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Washington Nationals’ first roster cuts of Spring Training 2021 - No big surprises...

Washington’s Nationals made the first round of roster cuts on Sunday morning, and manager Davey Martinez discussed some points of interest...

MLB: Washington Nationals-Workouts Mary Holt-USA TODAY Sports

Before Sunday afternoon’s matchup with the Houston Astros in Grapefruit League action in West Palm Beach, FL, the Washington Nationals announced the first round of roster cuts in 2021.

There were a couple of interesting/noteworthy decisions, which manager Davey Martinez addressed when he spoke with reporters before the announcement, but for the most part, the moves were what was expected from the first round.

So what’s next for the players listed above, since there’s no minor league camp in WPB yet under the COVID protocols? Not much apparently.

“The only thing that changes really is that they’ll start a little later than we do,” Martinez said in his pregame Zoom call on Sunday morning.

“But we’re able to keep our eyes on them, and you’ll see a lot of guys still playing in our games late.

“The pitchers will actually, the starters will get extended, they’ll start to get a little more innings in sim games for the time being.

“We’ll do a lot of different things. The good thing is as these guys are progressing and getting stretched out, we can get some hitters who need at bats, so that’s kind of nice.”

So not much will change, or as Martinez explained, it will just essentially split into two workout groups that will meet at different times in the same facility.

“As we go forward, guys that we deem are going to start, they’ll get stretched out and when they need to throw,” he added.

“We’ll have guys if they need at bats they can go down there and work on some different things and see live pitching, so all’s good. It is what it is.

“Typically we send guys out, they go to the minor league side and you cross paths but you don’t really see them. Right now, like I said, they’ll start a little later, but by the time the game starts, we’ll all be together, so we’ll have the guys that we need to play in the game ready to go.”

The first of two noteworthy things from today’s moves? Right-hander Todd Peterson, a 2019 7th Round pick out of LSU, who spent the 2019 season in the Gulf Coast and New York/Penn leagues, wasn’t among the cuts announced.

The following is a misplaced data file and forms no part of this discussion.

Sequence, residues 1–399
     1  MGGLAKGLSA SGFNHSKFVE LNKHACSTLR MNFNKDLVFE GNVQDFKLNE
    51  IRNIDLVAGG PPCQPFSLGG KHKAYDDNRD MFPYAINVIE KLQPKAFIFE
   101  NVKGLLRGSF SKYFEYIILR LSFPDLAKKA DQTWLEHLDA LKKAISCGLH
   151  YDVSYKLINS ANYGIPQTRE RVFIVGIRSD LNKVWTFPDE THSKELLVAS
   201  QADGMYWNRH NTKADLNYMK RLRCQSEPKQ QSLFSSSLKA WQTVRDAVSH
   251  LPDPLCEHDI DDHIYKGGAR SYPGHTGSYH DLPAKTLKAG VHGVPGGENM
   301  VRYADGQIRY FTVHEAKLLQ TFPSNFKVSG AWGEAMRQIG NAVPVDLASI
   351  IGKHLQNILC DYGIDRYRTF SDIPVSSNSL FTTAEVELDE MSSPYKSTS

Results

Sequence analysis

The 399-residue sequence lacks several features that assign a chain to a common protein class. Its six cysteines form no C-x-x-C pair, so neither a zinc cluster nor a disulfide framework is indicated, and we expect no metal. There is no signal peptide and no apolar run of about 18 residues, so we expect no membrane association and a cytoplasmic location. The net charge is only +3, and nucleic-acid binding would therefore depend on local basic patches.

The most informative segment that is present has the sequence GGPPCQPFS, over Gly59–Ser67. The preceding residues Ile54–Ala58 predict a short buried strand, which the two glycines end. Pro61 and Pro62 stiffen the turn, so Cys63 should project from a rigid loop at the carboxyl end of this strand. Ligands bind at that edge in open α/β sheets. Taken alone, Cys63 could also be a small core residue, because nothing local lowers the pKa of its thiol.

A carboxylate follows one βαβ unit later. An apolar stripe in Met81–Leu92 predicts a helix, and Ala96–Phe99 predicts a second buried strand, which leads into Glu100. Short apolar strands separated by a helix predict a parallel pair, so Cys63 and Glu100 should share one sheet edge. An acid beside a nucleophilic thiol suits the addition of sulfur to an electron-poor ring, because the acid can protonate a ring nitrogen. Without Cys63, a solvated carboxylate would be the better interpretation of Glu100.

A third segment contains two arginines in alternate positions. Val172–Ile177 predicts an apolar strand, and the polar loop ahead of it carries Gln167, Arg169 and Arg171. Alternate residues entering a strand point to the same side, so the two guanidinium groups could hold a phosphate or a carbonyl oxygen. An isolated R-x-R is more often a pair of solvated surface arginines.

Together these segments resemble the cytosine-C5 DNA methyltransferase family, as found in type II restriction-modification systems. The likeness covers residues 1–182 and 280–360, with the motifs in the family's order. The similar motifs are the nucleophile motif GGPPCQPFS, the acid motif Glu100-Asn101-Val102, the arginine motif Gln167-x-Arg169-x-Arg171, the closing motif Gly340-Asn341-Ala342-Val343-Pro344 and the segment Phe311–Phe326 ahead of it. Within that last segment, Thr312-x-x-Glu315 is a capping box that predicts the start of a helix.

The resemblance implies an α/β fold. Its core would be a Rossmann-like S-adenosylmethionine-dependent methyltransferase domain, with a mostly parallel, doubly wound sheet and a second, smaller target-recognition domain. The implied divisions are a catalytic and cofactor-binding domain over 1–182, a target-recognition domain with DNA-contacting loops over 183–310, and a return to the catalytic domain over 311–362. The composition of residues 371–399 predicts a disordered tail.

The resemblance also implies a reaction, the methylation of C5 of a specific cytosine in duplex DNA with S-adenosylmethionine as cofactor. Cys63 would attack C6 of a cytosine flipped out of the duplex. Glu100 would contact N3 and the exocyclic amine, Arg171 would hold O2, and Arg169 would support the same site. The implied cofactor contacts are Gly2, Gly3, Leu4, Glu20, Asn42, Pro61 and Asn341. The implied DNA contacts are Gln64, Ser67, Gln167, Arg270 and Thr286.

Peterson, 23, finished his first pro season with a 3.49 ERA, 11 walks, and 26 Ks in 10 games, five starts, and 38 23 IP, but he wasn’t part of the 60-Man player pool for 2020, and he did not make MLB Pipeline’s list of the Top 30 prospects in the organization for 2021, but he is still in camp after the first round of cuts, having pitched just a 13 of an inning in Grapefruit League action. So, you know, why is he still there?

“We want to just — he threw the ball well the other day,” Martinez said. “We wanted to see what he looks like again out of the bullpen. But here’s another young guy that we feel like he’s going to start, so we’ll have to stretch him out sooner or later, but we want to get him some more innings up here.

“You might see some of these other guys pitch for us in games, especially the relievers, but we just wanted to give him another opportunity to pitch up here.”

The other player Martinez talked about? Jake Noll, who is part of the 40-Man roster, was cut in the first round after going 0 for 8 with two walks and four Ks in eight games this spring.

His early cut was somewhat surprising, though he was a long shot to make the Opening Day roster in 2021.

Why the quick cut for the recently-turned 27-year-old infielder, who was up for seven games in the majors last season, going 6 for 17 (.353/.353/.412) with a double and four strikeouts in those games after debuting in the majors in 2019?

“For Jake it’s just continue to — you know, we look at him right now as a guy that can play multiple positions, a super-[utility] guy,” Martinez said.

“So continue to get better. I want him to really hone in on his defense at third base. You saw him play some outfield, and he moved pretty good out in left field, and also played some first base, so he got off to a slow start, but Jake, he’s one of those guys when he starts swinging the bat and things start clicking, he can really put together a pretty good month, or two months. And I know that his swing will come.”

Martinez also offered an interesting comp for Noll when asked about how where he wants the infielder/outfielder to concentrate his efforts defensively going forward.

“I think he’s a guy that can move around a bunch,” Martinez said.

“I mean, I look at him, and we talk about this, even though Ben Zobrist was a switch hitter, but he’s kind of that guy. Ben played second base, outfield — I think Jake can do the same thing.”